100 Years Since Riverview Amusement Park Opened in Des Moines

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Riverview 100 Years

Friday, June 5 marks the 100th anniversary of the opening of Riverview Amusement Park in Des Moines.

DES MOINES, Iowa — Friday marks the 100th anniversary of the opening of Riverview amusement park in Des Moines.

For 63 years the Coney Island style amusement park on Des Moines’ north-side was a popular summer destination.

The park was the dream of Abe Frankle. His original concept was to style the park after the existing Coney Island in New York City. In 1914 he created the Riverview Amusement Company, according to the official Riverview website.  Frankle brought in several local business investors that included Joseph Muelhaupt, C.C. Taft, W. Earl Kooker and Frank Walrath.

Frankle served as the president of the corporation and General Manager of the park.

That island was once home to the Des Moines Zooilogical gardens. That park included an elephant, lions, panthers, kangaroos, monkeys, elk, numerous birds and other animals. The lake the island sits on was used to harvest ice during the winter.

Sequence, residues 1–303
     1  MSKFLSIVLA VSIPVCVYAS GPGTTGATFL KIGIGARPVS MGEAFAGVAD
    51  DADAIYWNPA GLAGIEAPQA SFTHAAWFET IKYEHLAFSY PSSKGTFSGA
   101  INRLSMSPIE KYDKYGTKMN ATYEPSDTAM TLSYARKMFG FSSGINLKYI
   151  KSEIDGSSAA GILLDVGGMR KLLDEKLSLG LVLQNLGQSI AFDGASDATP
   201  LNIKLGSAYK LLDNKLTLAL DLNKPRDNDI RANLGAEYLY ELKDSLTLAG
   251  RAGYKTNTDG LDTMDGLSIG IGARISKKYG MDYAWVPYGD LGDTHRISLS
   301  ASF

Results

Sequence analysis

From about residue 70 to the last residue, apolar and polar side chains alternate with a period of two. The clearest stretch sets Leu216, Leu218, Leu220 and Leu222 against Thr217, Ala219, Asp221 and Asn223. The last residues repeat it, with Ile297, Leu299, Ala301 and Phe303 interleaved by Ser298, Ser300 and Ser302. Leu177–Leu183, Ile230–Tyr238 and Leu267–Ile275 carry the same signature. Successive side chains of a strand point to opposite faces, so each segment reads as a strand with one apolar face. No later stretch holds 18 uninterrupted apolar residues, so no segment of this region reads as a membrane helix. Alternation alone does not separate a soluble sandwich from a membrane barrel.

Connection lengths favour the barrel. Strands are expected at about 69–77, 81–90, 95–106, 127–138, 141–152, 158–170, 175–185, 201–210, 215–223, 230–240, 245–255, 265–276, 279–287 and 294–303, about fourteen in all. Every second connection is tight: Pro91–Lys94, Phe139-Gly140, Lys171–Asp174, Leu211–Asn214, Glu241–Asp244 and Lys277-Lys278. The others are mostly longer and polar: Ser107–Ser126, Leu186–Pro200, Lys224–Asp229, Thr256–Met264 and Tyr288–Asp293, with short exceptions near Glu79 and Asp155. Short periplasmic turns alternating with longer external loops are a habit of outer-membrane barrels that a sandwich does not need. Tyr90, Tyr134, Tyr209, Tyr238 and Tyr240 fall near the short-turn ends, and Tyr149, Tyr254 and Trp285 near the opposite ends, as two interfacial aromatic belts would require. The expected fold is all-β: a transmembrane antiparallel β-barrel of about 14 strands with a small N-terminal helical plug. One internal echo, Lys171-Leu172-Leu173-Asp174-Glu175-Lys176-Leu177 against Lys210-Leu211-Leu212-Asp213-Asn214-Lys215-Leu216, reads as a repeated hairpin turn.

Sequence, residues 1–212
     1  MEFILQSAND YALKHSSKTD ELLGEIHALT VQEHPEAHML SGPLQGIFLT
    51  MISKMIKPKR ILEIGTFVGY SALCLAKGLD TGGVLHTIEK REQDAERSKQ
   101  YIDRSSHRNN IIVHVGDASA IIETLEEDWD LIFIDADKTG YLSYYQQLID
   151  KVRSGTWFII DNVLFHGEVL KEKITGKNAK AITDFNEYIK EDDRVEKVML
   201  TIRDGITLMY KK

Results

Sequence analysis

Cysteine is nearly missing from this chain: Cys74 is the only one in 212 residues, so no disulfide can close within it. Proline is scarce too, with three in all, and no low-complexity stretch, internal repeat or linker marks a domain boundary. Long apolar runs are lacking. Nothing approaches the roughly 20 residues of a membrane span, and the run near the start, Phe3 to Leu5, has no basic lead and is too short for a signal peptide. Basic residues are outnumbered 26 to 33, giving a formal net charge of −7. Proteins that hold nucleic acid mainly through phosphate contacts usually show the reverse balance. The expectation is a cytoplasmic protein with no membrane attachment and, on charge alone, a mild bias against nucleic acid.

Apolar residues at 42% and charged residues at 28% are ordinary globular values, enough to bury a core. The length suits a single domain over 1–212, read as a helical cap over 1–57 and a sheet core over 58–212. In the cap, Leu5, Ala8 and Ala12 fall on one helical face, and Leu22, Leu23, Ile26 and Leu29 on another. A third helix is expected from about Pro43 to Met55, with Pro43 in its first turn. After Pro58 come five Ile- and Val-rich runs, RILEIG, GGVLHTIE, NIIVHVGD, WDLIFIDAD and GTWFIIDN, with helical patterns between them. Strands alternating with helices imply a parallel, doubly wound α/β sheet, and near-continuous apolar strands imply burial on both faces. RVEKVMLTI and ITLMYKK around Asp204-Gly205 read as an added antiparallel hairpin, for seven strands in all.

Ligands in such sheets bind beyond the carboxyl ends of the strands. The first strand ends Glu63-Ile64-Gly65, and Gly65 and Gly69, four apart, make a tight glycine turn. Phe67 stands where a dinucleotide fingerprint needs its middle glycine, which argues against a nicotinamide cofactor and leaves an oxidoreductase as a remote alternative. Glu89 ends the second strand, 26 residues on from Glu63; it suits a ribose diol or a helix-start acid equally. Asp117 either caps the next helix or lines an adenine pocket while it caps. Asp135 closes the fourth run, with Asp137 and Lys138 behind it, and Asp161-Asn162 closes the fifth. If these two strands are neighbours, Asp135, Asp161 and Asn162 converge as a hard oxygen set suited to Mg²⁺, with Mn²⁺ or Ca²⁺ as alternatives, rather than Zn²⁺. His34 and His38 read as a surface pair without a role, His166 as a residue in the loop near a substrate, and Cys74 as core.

The park had a rich history of entertainment for thousands of Iowans. The park offered a thrilling line up of rides, including a wooden roller coaster, tumble bug, tunnel of love, bumper cars, scrambler and carousel.

In 1978, after nearly four years of trying to compete with Adventureland park in Altoona, the park owners decided to sell the park. The park had spent the last few years trying to stand out from Adventureland. They tried to show the economic values Riverview had over Adventureland.

Park owners hoped that a group or entity would purchase and make the necessary investment to upgrade the park’s declining condition, and continue operations.

Adventurland purchased the park in 1979, with what many believed was the intent of operating the facility for company picnics and group functions as well as serve as a discount park. However, Adventureland closed the park, sold some of the rides, moved others to Adventureland and sold the land to the City of Des Moines for one dollar.

Now, 100 years after the park first opened, many are hoping to bring entertainment back to the park.

Former Riverview General Manager, Bill Kooker has written a book, Riverview: The Lost Summers, and created a website sharing the history of the park.

Local residents have worked with the Des Moines Park and Recreation department to renovate the park and include pieces of the park’s past in the new design.